Have you encountered any situations where being an all female unit has enabled you to accomplish things where a mixed gender unit would not have been able to?

No. Whether it's a mixed unit or a female unit or a male unit the point is that everybody has to be professionally competent. Even if it is a fully formed female contingent, even in that case, the female officers are supposed to be professionally competent and trained enough to tackle any kind of situation in that manner. Whether it is a mixed unit or a female unit or a male unit the point is the officers are to be properly sensitized. Irrespective of what you call it, they are to be properly trained and they have to be aware of what is going in their deployment area.

And would you say that Ellen Johnson Sirleaf's presidency has it had any impact on operating as an all-female unit. Has it made things easier or more difficult?

I can't be very specific about it since she is the President. But she does provide a platform for all of us to perform. As far as our duties are concerned we are preparing the same kind of duties that the other peacekeepers are doing so there is no discrimination as such.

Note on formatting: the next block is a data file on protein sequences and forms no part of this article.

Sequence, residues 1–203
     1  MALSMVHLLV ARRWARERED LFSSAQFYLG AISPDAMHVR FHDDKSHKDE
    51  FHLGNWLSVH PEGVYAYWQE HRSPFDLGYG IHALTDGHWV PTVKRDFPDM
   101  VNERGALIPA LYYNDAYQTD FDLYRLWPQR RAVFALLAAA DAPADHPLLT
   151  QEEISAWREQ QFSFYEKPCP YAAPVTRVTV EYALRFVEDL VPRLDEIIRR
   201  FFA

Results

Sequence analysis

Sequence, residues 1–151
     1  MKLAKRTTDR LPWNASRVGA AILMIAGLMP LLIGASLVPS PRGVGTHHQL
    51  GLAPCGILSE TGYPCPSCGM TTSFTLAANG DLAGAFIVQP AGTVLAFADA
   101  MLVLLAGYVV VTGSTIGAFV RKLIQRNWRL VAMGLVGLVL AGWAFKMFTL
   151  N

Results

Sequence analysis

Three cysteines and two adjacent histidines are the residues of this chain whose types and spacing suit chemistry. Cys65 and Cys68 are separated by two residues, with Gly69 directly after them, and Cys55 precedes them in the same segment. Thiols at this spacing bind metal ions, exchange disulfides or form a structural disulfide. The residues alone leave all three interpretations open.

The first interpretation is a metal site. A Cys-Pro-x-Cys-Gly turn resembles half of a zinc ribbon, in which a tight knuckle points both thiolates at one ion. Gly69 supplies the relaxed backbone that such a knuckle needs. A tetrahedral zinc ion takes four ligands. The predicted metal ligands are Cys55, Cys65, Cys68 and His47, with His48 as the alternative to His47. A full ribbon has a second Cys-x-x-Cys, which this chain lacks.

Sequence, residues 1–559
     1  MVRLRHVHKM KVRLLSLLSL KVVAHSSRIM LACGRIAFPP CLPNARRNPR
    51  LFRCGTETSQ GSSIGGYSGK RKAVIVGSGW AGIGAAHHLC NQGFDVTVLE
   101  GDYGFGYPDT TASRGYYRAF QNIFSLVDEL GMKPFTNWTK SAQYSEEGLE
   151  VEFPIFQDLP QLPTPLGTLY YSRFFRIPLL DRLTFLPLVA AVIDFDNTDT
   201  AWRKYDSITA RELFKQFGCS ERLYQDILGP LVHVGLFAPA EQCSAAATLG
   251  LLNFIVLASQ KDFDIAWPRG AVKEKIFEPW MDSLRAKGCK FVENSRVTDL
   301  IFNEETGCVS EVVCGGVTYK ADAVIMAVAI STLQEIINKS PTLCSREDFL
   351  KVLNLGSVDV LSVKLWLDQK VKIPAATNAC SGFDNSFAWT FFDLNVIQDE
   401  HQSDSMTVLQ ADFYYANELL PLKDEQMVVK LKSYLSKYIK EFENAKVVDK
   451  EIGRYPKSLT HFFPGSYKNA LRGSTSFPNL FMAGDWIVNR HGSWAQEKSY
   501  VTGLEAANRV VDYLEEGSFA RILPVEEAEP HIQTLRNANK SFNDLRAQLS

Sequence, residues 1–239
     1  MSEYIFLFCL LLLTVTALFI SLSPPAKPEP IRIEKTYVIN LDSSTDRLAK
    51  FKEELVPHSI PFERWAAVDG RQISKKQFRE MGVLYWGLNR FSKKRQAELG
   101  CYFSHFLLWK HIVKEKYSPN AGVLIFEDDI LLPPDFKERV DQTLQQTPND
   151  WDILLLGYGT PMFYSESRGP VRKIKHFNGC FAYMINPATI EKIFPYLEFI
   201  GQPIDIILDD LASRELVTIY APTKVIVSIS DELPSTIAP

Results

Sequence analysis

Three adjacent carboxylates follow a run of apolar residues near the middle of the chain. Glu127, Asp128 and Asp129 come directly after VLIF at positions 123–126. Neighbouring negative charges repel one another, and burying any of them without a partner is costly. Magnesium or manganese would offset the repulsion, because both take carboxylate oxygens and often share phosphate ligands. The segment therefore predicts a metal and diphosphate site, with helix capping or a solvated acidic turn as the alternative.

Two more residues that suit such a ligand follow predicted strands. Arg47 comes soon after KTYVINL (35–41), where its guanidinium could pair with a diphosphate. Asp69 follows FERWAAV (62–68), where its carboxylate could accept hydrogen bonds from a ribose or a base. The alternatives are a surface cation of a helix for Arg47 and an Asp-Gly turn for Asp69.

What are the primary goals -- if you wouldn't mind giving some background for our readers -- the primary goals of the UN peacekeeping mission in Liberia and how do those filter down into your day to day duties in as a policing unit?

The primary goals of the UN mission here are to establish peace and implement all kinds of humanitarian assistance programs. They call this a post-conflict scenario. The infrastructure of the country had to be repaired from scratch. The primary goal is to establish normalcy -- establish peace and to ensure that state infrastructure is functioning. I think that this is the main goal of the UN mission here in Liberia.